Monday, November 4, 2013

Shifting the Rhetoric to Action: A collaboration for community health

THEory into ACTion

A Bulletin of New Developments in Community Psychology Practice
November, 2013
Charles E. Sepers, Jr.                                                   Dawn X. Henderson
University of Kansas                                             Winston-Salem State University

Lately, there seems to be a lot of rhetoric on access to health care in the U.S. media and political landscape. Although rhetoric may create a sense of awareness about an issue, it does not move communities and larger systems towards change. This is where the guiding principles and strategies of community psychology take front stage, by shifting rhetoric into dialogue and dialogue into research and action.
For the past two years, the University of Kansas Work Group for Community Health and Development has been involved in a collaborative project to address ways to improve community health in Douglas County, Kansas. A team of faculty and graduate students (including Christina Holt, Associate Director for Community Tool Box Services; Dr. Vicki Collie-Akers, Associate Director for Health Promotion Research; and Chuck Sepers, graduate student) have worked in partnership with members from the Lawrence-Douglas Health Department and other local organizations to engage Douglas County stakeholders and residents in understanding the top needs and concerns in Douglas County. 
The collaborative was guided by a collaborative model for communitychange and improvement and purposely engages stakeholders in understanding barriers to healthy communities and identifying assets to support community change. A university-community partnership (Dr. Vicki Collie-Akers, Associate Director of Health Promotion Research, worked with Charles Bryan the Community Health Planner from the Lawrence-Douglas County Health Department) led to the development of the initial community concerns survey, completed by more than 1,300 county residents. Five key issues were identified:
·         Lack of access to affordable healthy foods
·         Insufficient access to health care and other services
·         Poverty in association with limited job opportunities/limited access to safe and affordable housing
·         Inadequate recognition of mental health issues and access to mental health services
·         Lack of physical activity

Working groups comprised of more than 35 community stakeholders from sectors including schools, parks and recreation, business, faith communities, non-profit organizations, universities, and grassroots volunteers were then convened around each issue. For each priority area, stakeholders engaged in “naming” and “framing” the issues, and developed a series of goals and measurable outcomes that would serve as important evaluative milestones. The work groups also identified and adapted evidence-based strategies for the local community. The project reflects the guiding principles of community psychology by engaging stakeholders across multi-settings and voices of residents (elderly, youth, working class, etc.) to work collaboratively in planning research and action.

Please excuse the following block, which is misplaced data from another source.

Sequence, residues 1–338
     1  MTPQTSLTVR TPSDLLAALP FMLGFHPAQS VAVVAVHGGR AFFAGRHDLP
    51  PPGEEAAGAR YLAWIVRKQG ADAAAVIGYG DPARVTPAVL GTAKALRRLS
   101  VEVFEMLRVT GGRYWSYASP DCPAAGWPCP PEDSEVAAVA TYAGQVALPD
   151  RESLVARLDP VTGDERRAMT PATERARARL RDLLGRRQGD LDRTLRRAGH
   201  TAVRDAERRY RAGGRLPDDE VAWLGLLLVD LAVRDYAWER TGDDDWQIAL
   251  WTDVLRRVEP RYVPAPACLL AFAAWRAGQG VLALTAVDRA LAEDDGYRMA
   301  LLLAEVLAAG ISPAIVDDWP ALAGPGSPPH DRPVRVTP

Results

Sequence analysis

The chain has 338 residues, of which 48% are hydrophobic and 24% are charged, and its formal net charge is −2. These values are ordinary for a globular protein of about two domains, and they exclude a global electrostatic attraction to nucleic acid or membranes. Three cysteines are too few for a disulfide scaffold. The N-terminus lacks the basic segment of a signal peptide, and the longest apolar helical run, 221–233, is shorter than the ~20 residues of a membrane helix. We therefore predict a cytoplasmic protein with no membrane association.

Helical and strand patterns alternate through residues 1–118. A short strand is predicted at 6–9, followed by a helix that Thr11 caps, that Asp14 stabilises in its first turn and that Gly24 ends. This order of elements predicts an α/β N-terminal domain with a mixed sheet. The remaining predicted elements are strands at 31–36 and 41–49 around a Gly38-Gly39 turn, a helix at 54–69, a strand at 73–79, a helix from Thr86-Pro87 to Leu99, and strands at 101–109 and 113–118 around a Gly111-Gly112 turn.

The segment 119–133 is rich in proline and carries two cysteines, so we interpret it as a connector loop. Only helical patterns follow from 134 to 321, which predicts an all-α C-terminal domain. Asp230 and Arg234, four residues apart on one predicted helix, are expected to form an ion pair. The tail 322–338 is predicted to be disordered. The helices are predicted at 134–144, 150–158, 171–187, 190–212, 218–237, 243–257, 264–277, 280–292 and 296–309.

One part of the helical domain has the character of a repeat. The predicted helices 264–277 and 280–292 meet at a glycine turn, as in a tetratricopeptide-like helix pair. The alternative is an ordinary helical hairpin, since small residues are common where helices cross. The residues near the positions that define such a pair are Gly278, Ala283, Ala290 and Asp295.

A community health plan was developed to disseminate findings and promote a “declaration of commitment” among partners and community stakeholders to achieve project goals. Characteristics of the improvement plan include:

·         Community Health Assessment: The use of a preliminary health assessment prior to the planning process served as an important step for addressing issues that mattered to those within the community. Through this process, community members were actively involved in decision making.

·         University-Community Partnership: There was a relationship between two organizations: The University of Kansas Work Group for Community Health and Development, and the Lawrence-Douglas County Health Department.  The partnership, known as an Academic Health Department, is analogous to a “teaching hospital” in the medical context. This formalized partnership enhances bidirectional learning between both organizations through collaboration, training, and resource sharing. The Academic Health Department model aims to strengthen the link between research and practice.

·         Use of Multi-Methods: The initial community concerns survey was administered and completed by over 1,300 community members (Collie-Akers & Holt, 2012). This was followed by focus groups with key stakeholders across 11 sites and interviews with nearly 30 key informants across Douglas County.  A PhotoVoice project was conducted with Douglas County youth to obtain their perspectives on factors that contribute to or detract from a health community and recommendations.

This collaboration for community health reflects the process of moving dialogue into research and action as diverse community partners work together to move towards a healthier Douglas County.

Works Cited:

Collie-Akers, V., & Holt, C. (2012). Douglas County Community Health Report.  University of Kansas Work Group for Community Health and Development.

This is one of a series of bulletins highlighting the use of community psychology in practice. Comments, suggestions, and questions are welcome. Please direct them to Bill Berkowitz at

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